After the release of Spheres of Perception and worried of being caught-up in the totalitarian mindset that may result from the entanglement with the novel concept presented in this book, I ended up in China during the Corona virus outbreak. I am still here and let me explain why. Undeniably sound experience is our best guide to new knowledge and a reciprocal guide to wisdom. Such wisdom then recorded in the numerous writings we inherit from the efforts and experiences of others that came before us. What stands out amongst all this toil is wisdom that continues to inspire us or is of pragmatic value to improve the human condition.
In my case experiences and inspirations were gathered after many years of living in various countries under an array of diverse cultures while practicing as a vet and tapping on all the knowledge and wisdom I could muster. Strangely, I turned my back on the gains of new certificates on the wall from our so called highly rated institutions. I also without much resistance walked away from the easy lifestyle the booming veterinary clinics I established in Australia and New Zealand could offer. I hope to create some understanding why I did so in this short article here.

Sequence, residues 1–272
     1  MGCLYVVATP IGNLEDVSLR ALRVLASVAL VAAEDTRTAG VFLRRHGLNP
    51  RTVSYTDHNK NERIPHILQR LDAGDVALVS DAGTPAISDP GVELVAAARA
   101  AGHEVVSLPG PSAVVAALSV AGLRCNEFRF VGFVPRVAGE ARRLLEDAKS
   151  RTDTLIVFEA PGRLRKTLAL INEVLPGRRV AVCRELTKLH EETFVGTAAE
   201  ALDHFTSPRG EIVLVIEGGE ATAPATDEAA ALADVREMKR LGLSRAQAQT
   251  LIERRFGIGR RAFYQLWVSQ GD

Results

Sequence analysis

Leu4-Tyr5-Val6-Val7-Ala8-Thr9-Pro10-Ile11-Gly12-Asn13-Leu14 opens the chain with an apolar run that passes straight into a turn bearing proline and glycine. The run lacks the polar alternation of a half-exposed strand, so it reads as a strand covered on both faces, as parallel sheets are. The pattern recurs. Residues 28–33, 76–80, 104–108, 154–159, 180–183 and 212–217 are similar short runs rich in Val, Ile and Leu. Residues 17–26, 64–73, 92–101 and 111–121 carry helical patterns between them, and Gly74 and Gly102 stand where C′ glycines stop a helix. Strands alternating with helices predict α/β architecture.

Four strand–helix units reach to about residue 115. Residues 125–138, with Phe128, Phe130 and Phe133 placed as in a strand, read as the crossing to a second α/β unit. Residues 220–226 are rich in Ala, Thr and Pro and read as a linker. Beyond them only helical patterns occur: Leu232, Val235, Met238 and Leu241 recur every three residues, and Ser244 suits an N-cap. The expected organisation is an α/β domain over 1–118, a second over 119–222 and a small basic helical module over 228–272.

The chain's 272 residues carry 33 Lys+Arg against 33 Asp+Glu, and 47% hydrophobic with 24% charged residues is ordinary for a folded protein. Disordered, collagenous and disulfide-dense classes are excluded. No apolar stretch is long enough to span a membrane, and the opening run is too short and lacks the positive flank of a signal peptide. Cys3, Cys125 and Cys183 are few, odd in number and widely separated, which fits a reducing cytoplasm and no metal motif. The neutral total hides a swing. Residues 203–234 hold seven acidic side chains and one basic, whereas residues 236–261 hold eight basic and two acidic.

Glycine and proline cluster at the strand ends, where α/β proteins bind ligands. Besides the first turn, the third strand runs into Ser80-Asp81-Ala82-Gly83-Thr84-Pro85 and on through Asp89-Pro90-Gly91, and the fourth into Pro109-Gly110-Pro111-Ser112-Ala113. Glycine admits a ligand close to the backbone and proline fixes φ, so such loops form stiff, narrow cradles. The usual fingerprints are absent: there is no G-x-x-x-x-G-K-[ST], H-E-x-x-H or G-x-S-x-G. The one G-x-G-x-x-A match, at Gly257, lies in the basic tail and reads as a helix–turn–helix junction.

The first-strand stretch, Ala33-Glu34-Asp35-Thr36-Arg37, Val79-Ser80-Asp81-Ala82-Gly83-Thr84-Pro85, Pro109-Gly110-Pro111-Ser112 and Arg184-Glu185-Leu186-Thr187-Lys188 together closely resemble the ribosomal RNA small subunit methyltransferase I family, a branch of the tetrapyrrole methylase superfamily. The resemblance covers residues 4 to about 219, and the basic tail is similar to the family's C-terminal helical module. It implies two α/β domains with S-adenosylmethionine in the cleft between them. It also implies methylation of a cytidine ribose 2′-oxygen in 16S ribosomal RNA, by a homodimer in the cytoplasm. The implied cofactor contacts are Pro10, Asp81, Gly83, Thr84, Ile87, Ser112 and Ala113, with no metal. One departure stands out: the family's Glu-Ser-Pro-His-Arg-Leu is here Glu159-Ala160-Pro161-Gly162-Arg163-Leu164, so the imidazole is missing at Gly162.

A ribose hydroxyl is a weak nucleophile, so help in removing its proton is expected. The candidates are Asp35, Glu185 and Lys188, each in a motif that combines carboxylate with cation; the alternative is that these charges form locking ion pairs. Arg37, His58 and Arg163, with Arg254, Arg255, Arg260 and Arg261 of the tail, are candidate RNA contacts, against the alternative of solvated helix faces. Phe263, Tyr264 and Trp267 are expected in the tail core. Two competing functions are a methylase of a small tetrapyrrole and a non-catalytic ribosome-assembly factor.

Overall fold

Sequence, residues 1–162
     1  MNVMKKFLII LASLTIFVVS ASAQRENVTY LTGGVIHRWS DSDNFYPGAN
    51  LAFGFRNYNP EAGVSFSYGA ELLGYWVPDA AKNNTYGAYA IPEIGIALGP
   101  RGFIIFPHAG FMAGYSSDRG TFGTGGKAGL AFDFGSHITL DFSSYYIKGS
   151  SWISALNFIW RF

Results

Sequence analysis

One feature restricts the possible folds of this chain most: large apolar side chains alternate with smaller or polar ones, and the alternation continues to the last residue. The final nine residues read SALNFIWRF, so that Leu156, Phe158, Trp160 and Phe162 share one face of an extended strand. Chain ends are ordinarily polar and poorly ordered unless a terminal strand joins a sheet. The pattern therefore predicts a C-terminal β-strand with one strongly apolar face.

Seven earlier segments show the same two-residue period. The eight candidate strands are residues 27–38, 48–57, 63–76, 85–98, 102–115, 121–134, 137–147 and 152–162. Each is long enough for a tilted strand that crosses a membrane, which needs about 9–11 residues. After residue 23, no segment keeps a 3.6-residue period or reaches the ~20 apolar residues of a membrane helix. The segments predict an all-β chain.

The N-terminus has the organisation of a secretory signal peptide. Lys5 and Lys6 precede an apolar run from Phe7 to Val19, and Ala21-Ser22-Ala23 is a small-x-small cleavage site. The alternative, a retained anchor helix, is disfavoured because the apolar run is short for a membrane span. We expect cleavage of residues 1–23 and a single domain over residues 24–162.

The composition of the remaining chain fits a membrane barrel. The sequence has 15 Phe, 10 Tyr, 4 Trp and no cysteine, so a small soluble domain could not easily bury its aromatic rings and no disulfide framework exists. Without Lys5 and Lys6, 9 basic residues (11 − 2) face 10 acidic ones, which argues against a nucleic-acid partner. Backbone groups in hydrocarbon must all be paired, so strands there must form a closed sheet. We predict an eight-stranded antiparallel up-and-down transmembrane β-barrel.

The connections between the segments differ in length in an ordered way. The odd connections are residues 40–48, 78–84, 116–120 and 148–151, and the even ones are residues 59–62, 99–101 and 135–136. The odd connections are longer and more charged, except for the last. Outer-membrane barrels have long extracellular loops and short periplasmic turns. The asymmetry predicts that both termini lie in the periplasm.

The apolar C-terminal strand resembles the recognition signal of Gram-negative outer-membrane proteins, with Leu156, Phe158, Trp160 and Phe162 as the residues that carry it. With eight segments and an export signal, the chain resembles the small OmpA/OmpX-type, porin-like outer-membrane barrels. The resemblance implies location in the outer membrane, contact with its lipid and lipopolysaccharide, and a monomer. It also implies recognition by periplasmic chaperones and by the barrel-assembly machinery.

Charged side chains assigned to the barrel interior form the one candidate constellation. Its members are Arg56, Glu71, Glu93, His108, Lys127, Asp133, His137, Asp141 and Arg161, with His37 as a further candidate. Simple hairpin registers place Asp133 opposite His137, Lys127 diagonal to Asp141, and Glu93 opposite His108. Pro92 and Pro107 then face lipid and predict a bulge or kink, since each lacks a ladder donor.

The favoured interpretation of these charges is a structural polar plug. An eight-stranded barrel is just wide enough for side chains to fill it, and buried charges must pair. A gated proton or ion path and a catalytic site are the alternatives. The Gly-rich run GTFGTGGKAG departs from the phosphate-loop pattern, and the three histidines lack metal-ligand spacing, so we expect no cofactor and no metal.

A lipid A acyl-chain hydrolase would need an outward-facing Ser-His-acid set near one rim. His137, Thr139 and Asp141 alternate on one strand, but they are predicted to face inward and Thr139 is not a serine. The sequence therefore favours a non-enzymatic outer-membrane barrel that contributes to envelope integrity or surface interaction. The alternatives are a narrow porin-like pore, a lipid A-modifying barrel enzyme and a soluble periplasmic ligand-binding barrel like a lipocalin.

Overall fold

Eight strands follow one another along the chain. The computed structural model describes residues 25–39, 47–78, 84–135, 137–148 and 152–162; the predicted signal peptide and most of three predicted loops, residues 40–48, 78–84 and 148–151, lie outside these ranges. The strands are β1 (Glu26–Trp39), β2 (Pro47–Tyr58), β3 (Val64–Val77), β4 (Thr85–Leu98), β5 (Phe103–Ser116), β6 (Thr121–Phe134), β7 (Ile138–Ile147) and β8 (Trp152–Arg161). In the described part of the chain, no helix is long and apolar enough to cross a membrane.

Recently I stumbled on the work of a much overlooked intellectual, anarchist and socialist Peter Kropotkin (1842-1921). The appeal of his work, besides its undeniable insight, aligned well with my own conclusions here and are as applicable today as it was then. It also severely challenges our current economic hierarchies. Stated in the opening chapter of the book Conquest of Bread, he said: